The 21st Century Demand for Creative Entrepreneurship, and How to Take Advantage
The definition for "business" in past centuries and for several years into this one might be summed up as “providing goods and services to satisfy human needs and desires.” But, today, this basic concept alone won't fly if you want to thrive and find yourself a piece of the entrepreneurship pie.
Indeed, there are already more than enough people supplying goods and services to customers. Today, those customers are looking out for the spectacular. Today, creativity, innovation and out-of-the box are the factors spurring success. So, if you have an absolutely “crazy” idea, you may be closer to success ithan you would have been several decades ago.
The most popular “crazy” idea in recent years has been Mark Zuckerberg’s Facebook. Using the internet mainly for social purposes was an alien idea 15 years ago, but Facebook and other social media sites have totally revolutionized the use of the internet and launched today's social media phenomenon.
That doesn't mean that many more possibilities for creativity aren't waiting to happen. How can you get something started from your own creative leanings? Here are some tips:
1. Forget "the norm."
Consider that the norm is changing for so many things: People are ready and eager for the spectacular. And whenever it appears, it gets results over and above the average.
Indian entrepreneur Raj Singh took advantage of this trend and founded Dronecast with an idea: to advertise via the use of drones. Imagine being engrossed in your work and suddenly seeing a flying banner sweep past your office window, enticing you to come have lunch at the corner restaurant.
What is particularly interesting about the Dronecast concept is that it utilizes the “wow factor” to get free, third party advertising: People will always want to shoot photos of a drone and its banner and share on social media. Then, voila! Free advertising.
So what ‘crazy’ idea do you have? Stay tuned for your own fresh, new business ideas. And, when they come, act on them immediately; that's what recent consumer behavior favors. Once you create a “wow,” you'll get on social media, and that will almost certainly convert to followers and likes.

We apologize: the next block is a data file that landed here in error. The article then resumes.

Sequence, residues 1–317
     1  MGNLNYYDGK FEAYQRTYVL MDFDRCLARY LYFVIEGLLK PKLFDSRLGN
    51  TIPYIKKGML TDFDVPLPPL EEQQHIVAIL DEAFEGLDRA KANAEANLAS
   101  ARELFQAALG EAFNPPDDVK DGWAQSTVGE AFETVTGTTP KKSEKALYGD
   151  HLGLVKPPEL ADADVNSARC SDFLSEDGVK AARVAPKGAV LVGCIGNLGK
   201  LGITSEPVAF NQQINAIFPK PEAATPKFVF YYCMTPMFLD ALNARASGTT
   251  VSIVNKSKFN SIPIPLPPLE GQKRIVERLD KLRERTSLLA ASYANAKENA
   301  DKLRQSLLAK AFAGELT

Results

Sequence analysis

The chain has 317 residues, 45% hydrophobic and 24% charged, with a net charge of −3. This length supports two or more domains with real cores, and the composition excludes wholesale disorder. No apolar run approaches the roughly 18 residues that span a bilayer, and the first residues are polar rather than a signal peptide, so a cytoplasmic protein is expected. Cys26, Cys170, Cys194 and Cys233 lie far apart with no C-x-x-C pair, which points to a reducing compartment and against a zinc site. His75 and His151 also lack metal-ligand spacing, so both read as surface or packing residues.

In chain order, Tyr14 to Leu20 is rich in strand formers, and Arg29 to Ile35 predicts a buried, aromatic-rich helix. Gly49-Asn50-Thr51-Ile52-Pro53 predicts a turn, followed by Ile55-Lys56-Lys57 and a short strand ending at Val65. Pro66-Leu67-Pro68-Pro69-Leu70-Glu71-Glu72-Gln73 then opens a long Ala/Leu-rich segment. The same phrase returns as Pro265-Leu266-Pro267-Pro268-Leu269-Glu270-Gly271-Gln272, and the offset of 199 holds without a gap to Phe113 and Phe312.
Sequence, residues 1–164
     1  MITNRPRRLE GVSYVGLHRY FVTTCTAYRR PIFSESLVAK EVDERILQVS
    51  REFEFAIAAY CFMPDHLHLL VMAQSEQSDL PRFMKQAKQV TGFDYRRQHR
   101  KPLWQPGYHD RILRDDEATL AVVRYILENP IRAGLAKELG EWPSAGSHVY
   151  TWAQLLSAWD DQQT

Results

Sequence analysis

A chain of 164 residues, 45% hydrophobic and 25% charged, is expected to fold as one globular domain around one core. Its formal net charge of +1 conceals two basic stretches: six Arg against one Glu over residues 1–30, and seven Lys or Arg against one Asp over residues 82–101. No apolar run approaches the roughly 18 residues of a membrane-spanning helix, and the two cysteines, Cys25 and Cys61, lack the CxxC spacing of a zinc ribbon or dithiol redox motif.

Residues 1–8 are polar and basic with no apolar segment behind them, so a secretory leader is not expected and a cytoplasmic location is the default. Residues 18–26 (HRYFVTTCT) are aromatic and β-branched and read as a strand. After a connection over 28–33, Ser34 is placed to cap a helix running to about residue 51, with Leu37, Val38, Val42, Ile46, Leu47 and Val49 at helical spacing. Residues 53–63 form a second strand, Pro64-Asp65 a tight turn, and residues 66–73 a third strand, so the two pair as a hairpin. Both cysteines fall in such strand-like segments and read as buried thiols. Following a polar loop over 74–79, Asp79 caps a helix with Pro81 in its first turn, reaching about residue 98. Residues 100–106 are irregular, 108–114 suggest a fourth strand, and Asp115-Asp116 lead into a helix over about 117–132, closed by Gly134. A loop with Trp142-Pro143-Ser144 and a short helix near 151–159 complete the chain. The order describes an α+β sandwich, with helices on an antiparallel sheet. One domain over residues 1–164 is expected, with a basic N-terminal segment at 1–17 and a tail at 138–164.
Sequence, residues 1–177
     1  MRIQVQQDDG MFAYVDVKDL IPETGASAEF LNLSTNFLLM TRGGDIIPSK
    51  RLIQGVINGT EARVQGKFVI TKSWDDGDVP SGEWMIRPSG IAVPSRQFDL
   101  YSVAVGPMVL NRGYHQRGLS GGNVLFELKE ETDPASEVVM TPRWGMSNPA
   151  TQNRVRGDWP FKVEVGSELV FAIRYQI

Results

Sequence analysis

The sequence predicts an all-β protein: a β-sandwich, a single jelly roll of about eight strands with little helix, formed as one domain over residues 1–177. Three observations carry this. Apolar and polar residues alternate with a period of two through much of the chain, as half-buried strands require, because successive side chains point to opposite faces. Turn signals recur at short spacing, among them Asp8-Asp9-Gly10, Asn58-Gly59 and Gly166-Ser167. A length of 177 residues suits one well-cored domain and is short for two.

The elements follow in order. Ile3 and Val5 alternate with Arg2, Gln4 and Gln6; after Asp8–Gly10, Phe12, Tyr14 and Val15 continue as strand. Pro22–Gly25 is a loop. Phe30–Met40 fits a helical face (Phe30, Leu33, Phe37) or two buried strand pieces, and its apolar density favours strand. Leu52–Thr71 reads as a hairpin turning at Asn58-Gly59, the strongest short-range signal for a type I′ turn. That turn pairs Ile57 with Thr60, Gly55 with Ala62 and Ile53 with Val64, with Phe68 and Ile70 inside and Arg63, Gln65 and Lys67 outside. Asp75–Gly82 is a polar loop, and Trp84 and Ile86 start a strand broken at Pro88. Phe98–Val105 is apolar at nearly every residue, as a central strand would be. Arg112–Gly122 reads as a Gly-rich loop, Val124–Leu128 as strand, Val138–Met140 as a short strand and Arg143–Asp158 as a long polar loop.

2. Convert people’s obsessions into business ideas.
A lot has been said about making money from your hobbies and passions, but what about using other people’s hobbies?
I remember many years ago when I first started seeing what was called “viewing centers” around the cities in my home country. These viewing centers were an instant hit because they were set up so people could catch every football match in the English premier league and the Uefa Champions league.
These centers started as a fad, but when the fad overlapped with the high cost of cable TV subscriptions, viewing centers took off.
Another example? I was recently surprised to learn that Lourdes University in Ohio had started offering scholarships for people wanting to become professional video gamers -- meaning that they would play video games for a iving.
The message here was that things have gotten serious in the gaming industry -- if they weren't so already. What are people crazy about in your area? How can you help them follow those passions while making money for yourself? If you think your idea is just a hobby or a pastime for people, you may be wrong.
If it's a reigning fad, that means there's an opportunity there. This is the 21st century, after all, and anything is possible.
3. Capture your ideas anytime, anywhere.
Remember that those creative ideas can jump out of nowhere at unexpected time and places. So, forget trying to hold on to all of them in your brain -- which may be the one thing you should not trust.
When you see an inspiring ad in the subway, for instance, store it. When you scribble some drafts on a napkin over lunch with your colleagues, hold on to it. When a prophetic thought pops into your head in the shower, capture it.
Next, rethink these ideas and polish them into something more realistic. Sometimes, as crazy or dumb as an idea may sound in the beginning, it can grow into an unicorn business. Airbnb, for instance.
4. Think "on-the-go" products and services.
What kinds of products can you think up for people on the go, to make their mobility easier? I call these businesses on-the-go businesses and they are a category where new product ideas have succeeded. I mean, there are on-the-go supermarkets, mobile canteens and even mobile toilets these days.
In conclusion, remember that ideas rule the world. That has never been more true than it is today, a time when ‘’crazy ideas” seem to be making up the lion's share of all ideas.
Now, go make that "crazy" dream of yours come true!